Friday, May 15, 2020

Tongrentang – Traditional Chinese Medicine, Beijing, China

For our first stop for the morning, we have an appointment with the doctors at the center for traditional Chinese medicine, or T C M, called Tongrentang.

It is one of four remaining TCM institutions in China and had outlets all over the world.

This particular organization was the one who tended to the emperor way back and scored some land to build a facility in Beijing at some point after starting to tend the Emperor and his family in order to bring that medicine to the people.

But a little history first,

In 1669 during the reign of Kangxi Emperor of the Qing Dynasty (which ran from 1644 to 1911) Tong Ren Tang was established in Beijing by Yue Xianyang, who was a physician in the Qing Imperial Court.

In 1702, the company relocated within Beijing and has been there ever since, operating as a manufacturer and sales outlet.

In 1723, Tong Ren Tang was appointed the sole supplier of herbal medicines to the imperial court by the Yongsheng Emperor and has remained the sole supplier until the end of the Qing dynasty in 1911.

Now they manufacture and sell medicines based on Traditional Chinese Medicine, partly Yin and Yang, partly Zang Fu, which was developed on the basis of Wǔ Xíng philosophy, each zàng is paired with a fǔ, and each zàng-fǔ pair is assigned to one of five elemental qualities, fire, earth, metal, wood and fire, as seen in the chart below:

There was a chart on the wall that accompanied the introduction to Chinese Medicine given by a Professor, or a Doctor, I was not sure which, who told us how everything was linked in groups, as shown above, what ailments were related, and how treatments were formulated.

Then we were assigned our own doctor, ours was a very old Chinese man, who spoke to us through an interpreter.  He held our hands, checked our pulse, looked into our eyes, and looked at our tongue.  It was, to say the least, an interesting examination.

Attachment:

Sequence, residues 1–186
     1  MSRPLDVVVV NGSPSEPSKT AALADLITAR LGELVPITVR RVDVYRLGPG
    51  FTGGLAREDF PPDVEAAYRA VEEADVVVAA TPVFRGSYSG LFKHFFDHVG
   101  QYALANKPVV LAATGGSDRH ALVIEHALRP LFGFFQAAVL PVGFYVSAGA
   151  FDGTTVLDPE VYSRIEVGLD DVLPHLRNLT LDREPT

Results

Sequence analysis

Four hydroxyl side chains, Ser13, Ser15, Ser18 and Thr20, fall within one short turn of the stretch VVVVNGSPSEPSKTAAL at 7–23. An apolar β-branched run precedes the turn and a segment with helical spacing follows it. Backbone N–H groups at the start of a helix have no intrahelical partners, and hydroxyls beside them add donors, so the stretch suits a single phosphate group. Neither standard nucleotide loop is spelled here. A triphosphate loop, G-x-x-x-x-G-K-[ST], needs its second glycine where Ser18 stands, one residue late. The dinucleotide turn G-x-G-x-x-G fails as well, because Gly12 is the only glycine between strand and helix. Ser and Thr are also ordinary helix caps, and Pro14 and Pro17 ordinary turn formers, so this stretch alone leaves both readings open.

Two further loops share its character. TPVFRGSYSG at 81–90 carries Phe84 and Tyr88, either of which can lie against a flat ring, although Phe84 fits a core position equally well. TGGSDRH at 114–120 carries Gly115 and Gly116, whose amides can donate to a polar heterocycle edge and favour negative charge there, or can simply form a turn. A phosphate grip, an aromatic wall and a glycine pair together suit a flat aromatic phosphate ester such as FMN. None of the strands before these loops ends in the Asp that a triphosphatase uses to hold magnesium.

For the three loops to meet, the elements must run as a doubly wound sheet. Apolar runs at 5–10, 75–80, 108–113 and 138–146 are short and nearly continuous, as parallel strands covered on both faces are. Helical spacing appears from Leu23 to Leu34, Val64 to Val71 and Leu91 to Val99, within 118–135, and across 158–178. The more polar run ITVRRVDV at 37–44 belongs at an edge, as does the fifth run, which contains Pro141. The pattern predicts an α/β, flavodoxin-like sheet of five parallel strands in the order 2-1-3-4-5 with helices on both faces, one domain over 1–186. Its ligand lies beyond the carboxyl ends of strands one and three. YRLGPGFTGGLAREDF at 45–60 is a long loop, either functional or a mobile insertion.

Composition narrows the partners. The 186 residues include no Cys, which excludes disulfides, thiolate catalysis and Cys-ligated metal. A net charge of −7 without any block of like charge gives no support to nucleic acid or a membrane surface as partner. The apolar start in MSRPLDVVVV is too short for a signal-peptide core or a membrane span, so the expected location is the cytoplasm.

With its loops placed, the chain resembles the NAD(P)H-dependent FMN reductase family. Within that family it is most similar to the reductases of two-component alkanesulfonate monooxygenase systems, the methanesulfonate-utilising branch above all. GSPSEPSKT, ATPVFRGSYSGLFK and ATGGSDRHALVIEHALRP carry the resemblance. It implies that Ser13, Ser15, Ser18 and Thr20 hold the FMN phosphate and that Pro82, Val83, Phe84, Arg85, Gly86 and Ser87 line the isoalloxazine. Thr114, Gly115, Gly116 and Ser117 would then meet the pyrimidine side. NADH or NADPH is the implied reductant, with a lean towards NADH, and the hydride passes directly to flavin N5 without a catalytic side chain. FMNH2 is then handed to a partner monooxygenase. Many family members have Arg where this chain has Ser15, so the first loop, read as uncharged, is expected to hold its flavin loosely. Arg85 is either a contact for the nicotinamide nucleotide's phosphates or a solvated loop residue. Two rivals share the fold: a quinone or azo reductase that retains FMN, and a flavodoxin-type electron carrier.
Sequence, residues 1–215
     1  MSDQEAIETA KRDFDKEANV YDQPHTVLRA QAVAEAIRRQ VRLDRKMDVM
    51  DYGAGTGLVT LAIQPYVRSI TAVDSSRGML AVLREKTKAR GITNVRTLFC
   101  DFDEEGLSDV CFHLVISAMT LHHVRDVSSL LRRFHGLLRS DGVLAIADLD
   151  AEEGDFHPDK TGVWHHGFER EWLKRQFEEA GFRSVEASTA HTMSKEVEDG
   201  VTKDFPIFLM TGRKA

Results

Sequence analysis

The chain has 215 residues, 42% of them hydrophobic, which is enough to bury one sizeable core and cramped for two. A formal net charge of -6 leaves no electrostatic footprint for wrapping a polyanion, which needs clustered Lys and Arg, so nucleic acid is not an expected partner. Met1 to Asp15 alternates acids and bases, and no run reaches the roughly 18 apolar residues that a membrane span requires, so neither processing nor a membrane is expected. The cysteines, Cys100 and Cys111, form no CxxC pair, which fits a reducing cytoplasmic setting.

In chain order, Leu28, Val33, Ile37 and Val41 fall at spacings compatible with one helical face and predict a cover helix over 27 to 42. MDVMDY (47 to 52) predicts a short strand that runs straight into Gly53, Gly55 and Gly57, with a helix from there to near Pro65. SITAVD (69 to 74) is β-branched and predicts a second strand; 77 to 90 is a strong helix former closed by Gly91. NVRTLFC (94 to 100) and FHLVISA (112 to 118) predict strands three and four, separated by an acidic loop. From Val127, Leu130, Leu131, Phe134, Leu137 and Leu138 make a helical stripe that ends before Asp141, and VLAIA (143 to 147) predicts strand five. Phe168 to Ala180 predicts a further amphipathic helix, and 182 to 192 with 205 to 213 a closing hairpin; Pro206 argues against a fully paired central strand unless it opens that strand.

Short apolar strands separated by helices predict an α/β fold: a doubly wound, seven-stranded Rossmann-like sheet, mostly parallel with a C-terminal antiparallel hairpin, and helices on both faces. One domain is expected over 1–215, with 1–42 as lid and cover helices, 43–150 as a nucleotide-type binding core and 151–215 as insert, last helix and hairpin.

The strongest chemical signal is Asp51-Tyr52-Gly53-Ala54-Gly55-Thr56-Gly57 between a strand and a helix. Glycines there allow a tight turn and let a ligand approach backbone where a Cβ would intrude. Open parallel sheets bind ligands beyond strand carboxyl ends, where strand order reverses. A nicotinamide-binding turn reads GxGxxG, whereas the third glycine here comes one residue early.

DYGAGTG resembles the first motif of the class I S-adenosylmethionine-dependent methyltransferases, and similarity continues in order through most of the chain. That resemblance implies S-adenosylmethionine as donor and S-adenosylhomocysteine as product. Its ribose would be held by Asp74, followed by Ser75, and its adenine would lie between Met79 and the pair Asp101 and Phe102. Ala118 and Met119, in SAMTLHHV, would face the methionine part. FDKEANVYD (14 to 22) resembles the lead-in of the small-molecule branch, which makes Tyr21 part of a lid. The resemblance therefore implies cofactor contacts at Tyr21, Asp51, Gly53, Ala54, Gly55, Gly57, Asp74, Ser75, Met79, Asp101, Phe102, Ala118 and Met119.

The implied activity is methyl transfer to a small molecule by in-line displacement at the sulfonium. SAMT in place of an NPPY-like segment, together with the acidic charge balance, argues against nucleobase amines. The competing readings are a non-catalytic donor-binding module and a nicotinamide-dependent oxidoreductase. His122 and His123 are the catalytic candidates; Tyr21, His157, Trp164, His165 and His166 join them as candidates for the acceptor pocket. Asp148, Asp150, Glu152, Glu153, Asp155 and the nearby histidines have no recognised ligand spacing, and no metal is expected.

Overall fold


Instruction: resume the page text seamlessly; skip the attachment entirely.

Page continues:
But delving into the history of Traditional Chinese Medicine, the practitioners were able to diagnose patient's conditions simply by asking questions, observing, listening, smelling, and touching (mostly for pulse taking).  Observation is a large part of this examination.

What was the diagnosis?  Heart, liver, apparently the same as everyone else, but he did mention thyroid which is not a common problem, so it looks like there might be a grain of truth to it to his medical wisdom.  The recommendation was for six to nine months supply of pills for the heart, and pills for the liver.

And if I was going to be cynical, like some of the tourists were, they could easily say all of us were arthritis, heart, kidney, and liver problematic, simply because most of us were over the age of  65.

To purchase those for the both of us came in at around $2,000 Australian dollars, which was quite expensive for the whole regime, but when broken down to a per bottle cost, for 30 days supply in a bottle, it was comparable to that of any of the herbal medicines available in Australia

Will they have any effect.  Well, the first thing the doctor said was that we should not stop taking our western medicine.  That doesn't seem to be a plus because back in the 1700s I doubt the Chinese had any form of western medicine available.  If the medicine was supposed to work, as it did for the Emperors, why doesn't it now?

I should only have to take the TCM, and it should cure the ailments the doctor found.

Perhaps the formulas have been changed so that they are supplements, like the herbal remedies back home.  We shall see.

What worries me is that all the pillboxes look the same, and as the writing is in Chinese there's no way of telling if they are or not.  All I have to tell the difference is a number and an order form that matches the number explains the pills in English.  I will have to try and not lose it.

I was glad, in the end, my problems were only related to the Heart and the liver, mostly because of my type of arthritis.  I can't remember now if our wizened doctor had told me he had diagnosed arthritis.

It was one of the more interesting hours I spent in one of the Government-owned institutions.

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